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March 21, 2014

IBM Flushes Out Fraud with Big Data Analytics

Alex Woodie

When it comes to fraud, the relentless advanced of computer technology is a double-edge sword. On the one hand, it gives fraudsters creative new ways to perform and conceal their graft, but it also gives people new ways to protect themselves. The good guys got a leg up this week when IBM announced a major counter-fraud initiative that prominently features big data analytics.

Fraud and its ugly cousin, financial crimes, are global scourges that are estimated to suck 10 to 15 percent out of the world’s $70-trillion pocketbook every year, about $3.5 trillion of which is due to internal fraud and embezzlement. For every $1 billion earned by a company, it’s been accepted as fact that $100 million to $150 million of it will go right into the criminals’ bank accounts–most of it tax-free, to boot.

Much like corruption, companies in many parts of the world simply accept fraud as a cost of doing business. It’s too hard to detect it, they said. Just leave it be and don’t waste any more time or money fighting it. But as Internet and mobile channels grew, fraudsters found new ways to conduct and conceal their crimes, and fraud grew.

As global crime syndicates got more technologically sophisticated, they started popping off audacious schemes that combined multiple cyber-crime disciplines, such the $45 million ATM theft uncovered in May 2013 that combined hacking into payment processors and the manufacture of fake debit cards. Retail giant Target’s massive data breach hasn’t been fully described, but it’s known that point of sale (POS) terminals–the highly fortified computer clients that most companies trust as secure–were compromised.

The rise of the Age of Data has aided and abetted the fraudsters, providing them both cover and capability. Massive data breaches over the years have flooded the black market with credit card numbers, Social Security numbers, and other marketable entities that are currency among cybercriminals. There is no honor among thieves, but criminals commonly work together to exploit vulnerabilities created by digital economy.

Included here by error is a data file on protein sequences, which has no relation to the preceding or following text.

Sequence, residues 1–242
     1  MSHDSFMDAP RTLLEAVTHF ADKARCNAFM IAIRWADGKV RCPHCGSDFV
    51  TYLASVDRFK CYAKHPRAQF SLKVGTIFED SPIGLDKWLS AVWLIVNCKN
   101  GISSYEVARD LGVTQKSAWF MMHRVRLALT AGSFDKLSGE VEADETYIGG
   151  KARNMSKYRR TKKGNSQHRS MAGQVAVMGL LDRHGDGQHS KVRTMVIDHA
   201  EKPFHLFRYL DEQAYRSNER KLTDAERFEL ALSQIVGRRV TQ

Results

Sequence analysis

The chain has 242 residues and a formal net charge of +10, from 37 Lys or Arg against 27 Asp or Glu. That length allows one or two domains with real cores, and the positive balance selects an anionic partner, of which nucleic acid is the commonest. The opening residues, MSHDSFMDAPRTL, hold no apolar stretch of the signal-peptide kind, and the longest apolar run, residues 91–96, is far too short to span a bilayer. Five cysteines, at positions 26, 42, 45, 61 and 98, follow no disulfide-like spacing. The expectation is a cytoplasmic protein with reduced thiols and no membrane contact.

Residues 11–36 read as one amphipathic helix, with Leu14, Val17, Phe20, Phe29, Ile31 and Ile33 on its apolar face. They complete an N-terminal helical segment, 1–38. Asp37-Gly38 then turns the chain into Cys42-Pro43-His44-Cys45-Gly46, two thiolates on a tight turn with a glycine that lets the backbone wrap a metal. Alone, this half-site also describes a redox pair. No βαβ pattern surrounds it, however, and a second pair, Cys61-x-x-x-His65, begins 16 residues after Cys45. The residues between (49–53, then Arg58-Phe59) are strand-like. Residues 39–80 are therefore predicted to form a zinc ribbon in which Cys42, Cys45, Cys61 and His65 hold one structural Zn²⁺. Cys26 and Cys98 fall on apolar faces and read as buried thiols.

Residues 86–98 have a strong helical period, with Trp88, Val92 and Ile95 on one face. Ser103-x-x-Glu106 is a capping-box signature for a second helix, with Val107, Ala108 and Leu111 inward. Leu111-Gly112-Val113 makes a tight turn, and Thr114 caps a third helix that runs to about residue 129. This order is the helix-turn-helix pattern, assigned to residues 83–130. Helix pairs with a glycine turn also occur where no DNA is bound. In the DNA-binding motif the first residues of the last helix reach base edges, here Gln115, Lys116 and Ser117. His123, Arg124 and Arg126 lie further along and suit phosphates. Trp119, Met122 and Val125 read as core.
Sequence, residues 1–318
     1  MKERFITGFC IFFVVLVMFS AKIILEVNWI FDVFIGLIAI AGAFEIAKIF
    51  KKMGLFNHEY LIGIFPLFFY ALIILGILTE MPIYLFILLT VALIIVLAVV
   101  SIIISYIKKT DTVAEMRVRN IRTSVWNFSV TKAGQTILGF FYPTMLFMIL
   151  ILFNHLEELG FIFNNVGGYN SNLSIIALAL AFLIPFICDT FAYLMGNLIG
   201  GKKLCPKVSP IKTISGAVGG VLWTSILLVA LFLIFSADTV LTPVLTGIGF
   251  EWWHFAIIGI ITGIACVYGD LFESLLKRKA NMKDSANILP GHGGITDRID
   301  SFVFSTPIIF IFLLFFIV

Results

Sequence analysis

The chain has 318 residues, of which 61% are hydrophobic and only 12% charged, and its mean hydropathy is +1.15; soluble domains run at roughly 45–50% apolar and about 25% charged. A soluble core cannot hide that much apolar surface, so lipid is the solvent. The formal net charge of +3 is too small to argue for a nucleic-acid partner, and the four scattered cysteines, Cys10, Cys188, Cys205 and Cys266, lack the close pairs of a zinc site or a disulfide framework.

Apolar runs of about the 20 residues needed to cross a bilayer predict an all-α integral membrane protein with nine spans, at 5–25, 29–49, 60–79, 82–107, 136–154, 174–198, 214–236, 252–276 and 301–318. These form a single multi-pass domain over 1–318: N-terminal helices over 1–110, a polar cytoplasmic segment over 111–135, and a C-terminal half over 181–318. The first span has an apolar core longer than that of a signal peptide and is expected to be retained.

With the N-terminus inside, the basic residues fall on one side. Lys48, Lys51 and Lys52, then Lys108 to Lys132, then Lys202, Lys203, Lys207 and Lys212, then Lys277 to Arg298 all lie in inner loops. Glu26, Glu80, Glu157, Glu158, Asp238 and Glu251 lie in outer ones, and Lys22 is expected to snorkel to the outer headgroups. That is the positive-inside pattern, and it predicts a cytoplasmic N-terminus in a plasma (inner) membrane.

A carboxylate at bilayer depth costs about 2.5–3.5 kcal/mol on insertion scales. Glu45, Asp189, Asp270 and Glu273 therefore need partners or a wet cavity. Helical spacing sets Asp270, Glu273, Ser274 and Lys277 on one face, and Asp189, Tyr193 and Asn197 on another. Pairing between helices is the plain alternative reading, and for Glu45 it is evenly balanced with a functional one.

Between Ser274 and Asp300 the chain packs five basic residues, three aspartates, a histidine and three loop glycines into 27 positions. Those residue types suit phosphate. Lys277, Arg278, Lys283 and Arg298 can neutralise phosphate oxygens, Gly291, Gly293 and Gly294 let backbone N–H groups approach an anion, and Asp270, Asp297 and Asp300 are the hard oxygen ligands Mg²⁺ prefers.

But the big data age cuts both ways, and now IBM is stepping up with a new collection of software and services designed to help enterprises and public organizations detect fraud. IBM’s Rick Hoehne, who holds the title of global counter fraud and financial crimes leader, recently spoke with Datanami about the new anti-fraud initiative and specifically what role big data analytics will play.

“About two years ago we noticed a significant uptick in insurance companies, for instance, that were asking more our data and analytics capabilities around fraud,” Hoehne says. “As we started poking around, we found that the mindset was starting to change, that we’re no longer accepting fraud as a cost of doing business.”

Hoehne has spent many years working with the insurance industry, which always accepted fraud as a cost of doing business. “It still does in a lot of places,” he says. “You just understand it’s about 15 percent of incurred losses, and you factor it into your rates and it is what it is. And that was because it was too hard to find. It was just too was hard to connect the dots and predict whether something was legitimate or not. Now with the advances in big data, link detection, predictive analytics, we can do things we never could do before.”